Could it be in Atlanta? At least one national writer and some nebulous group of insiders believe so, it would seem.

The Reds bullpen set a record for futility

Cincinnati Reds relief pitcher J.J. Hoover reacts after giving up a solo home run to Chicago Cubs' Javier Baez, left, during the ninth inning of a baseball game Friday, April 22, 2016, in Cincinnati. The Cubs won 8-1. (AP Photo/John Minchillo)
Associated Press
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I mentioned this in the recaps this morning but it’s worthy of its own post.

The Cincinnati Reds’ bullpen gave up two runs last night. In so doing it made for the 21st consecutive game in which it has allowed at least one run. That’s a new major league record, having surpassed the 2013 Colorado Rockies’ record of 20, according to Elias.

Last year the Reds set a record — shattered it, really — by going with rookie starting pitchers in 64 straight games to end the season. Those guys aren’t rookies anymore, but they’re still really inexperienced. They could probably use some better bullpen help than they’ve been getting.

Headline of the Day– A-Rod: “Trophy Boyfriend”

Alex Rodriguez
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For as long as there have been couples, the woman in a couple has been publicly defined by the man’s life and accomplishments. It doesn’t matter if the woman cures cancer, walks on the moon or wins the Eurovision Song Contest, when news stories or obituaries are written, she is invariably referred to as “wife of ___” or “girlfriend of ___.” Even if the guy is a grade-A schmuck.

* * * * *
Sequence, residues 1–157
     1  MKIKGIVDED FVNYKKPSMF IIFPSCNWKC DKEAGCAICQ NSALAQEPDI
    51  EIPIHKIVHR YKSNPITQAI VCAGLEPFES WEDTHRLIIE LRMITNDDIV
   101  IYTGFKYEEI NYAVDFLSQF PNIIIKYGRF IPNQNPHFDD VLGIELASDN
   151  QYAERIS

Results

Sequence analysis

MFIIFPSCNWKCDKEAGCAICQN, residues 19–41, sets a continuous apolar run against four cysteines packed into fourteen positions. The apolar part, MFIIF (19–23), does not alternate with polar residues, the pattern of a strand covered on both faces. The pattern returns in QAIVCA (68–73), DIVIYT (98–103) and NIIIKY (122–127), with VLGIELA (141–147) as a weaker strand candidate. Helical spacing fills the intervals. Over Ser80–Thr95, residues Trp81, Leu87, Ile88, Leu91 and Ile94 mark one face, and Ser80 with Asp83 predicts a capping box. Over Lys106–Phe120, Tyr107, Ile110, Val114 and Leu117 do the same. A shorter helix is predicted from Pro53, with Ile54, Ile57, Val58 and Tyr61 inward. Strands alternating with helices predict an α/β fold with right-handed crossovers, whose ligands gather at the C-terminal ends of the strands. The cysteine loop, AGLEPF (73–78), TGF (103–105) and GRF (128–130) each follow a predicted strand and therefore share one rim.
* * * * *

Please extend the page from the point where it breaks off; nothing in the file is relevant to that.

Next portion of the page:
While that pattern still persists, it’s nice to see someone flip the script on it once in a while. Like The Cut did in its story about a new, high-profile couple going public:

 

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The couple: Alex Rodriguez and Anne Wojcicki. Who, if you were unaware, is a Silicon Valley biotech CEO and a billionaire. She went to Yale, played varsity hockey in college and is a mother. Alex Rodriguez is accomplished and famous, but outside of the sports bubble he’s a padawan to Wojcicki’s master Jedi. Despite this, in places other than The Cut, it would still not be surprising to see her referred to as “A-Rod’s girlfriend,” because that’s just how people roll. Here’s hoping others take The Cut’s lead when referring to women in the public sphere more often.

A related note: in the rare cases when a famous male personality is identified in reference to his female partner and not the other way around, people like to make jokes and like to question the masculinity of the man. Which is equally stupid. And, to the man in question, should be utterly beside the point.

To that end, I think it’s worth noting that Alex Rodriguez has been involved with several women who, outside of baseball, are far more famous than he is and it’s never seemed to be an issue for him whatsoever. People like to say a lot of things about A-Rod’s ego and personality, but in this respect I bet he’s a hell of a lot better adjusted, grounded and self-assured than the vast majority of men who might find themselves in his place.

Video: Jeff Samardzija breaks a bat over his knee after striking out

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Jeff Samardzija had a great night last night. He allowed one run on three hits over eight innings and picked up the win. In the early going he’s proving wrong those who thought that the Giants overpaid for him and is providing solid performance from the third spot in the Giants rotation. It’s all good.

But good is not always good enough for a professional athlete. Especially one like Samardzija, who excelled in multiple sports and likely can count his lifetime athletic failures on one hand. No, when you’re wired like that you get upset even when you’re excellent because sometimes you want to be perfect.

For example, most pitchers don’t get too worried about striking out. They’re there to pitch, not bat. They turn on their heel and calmly walk back to the dugout. Samardzija, however, got a bit irate when he struck out. Then he did this: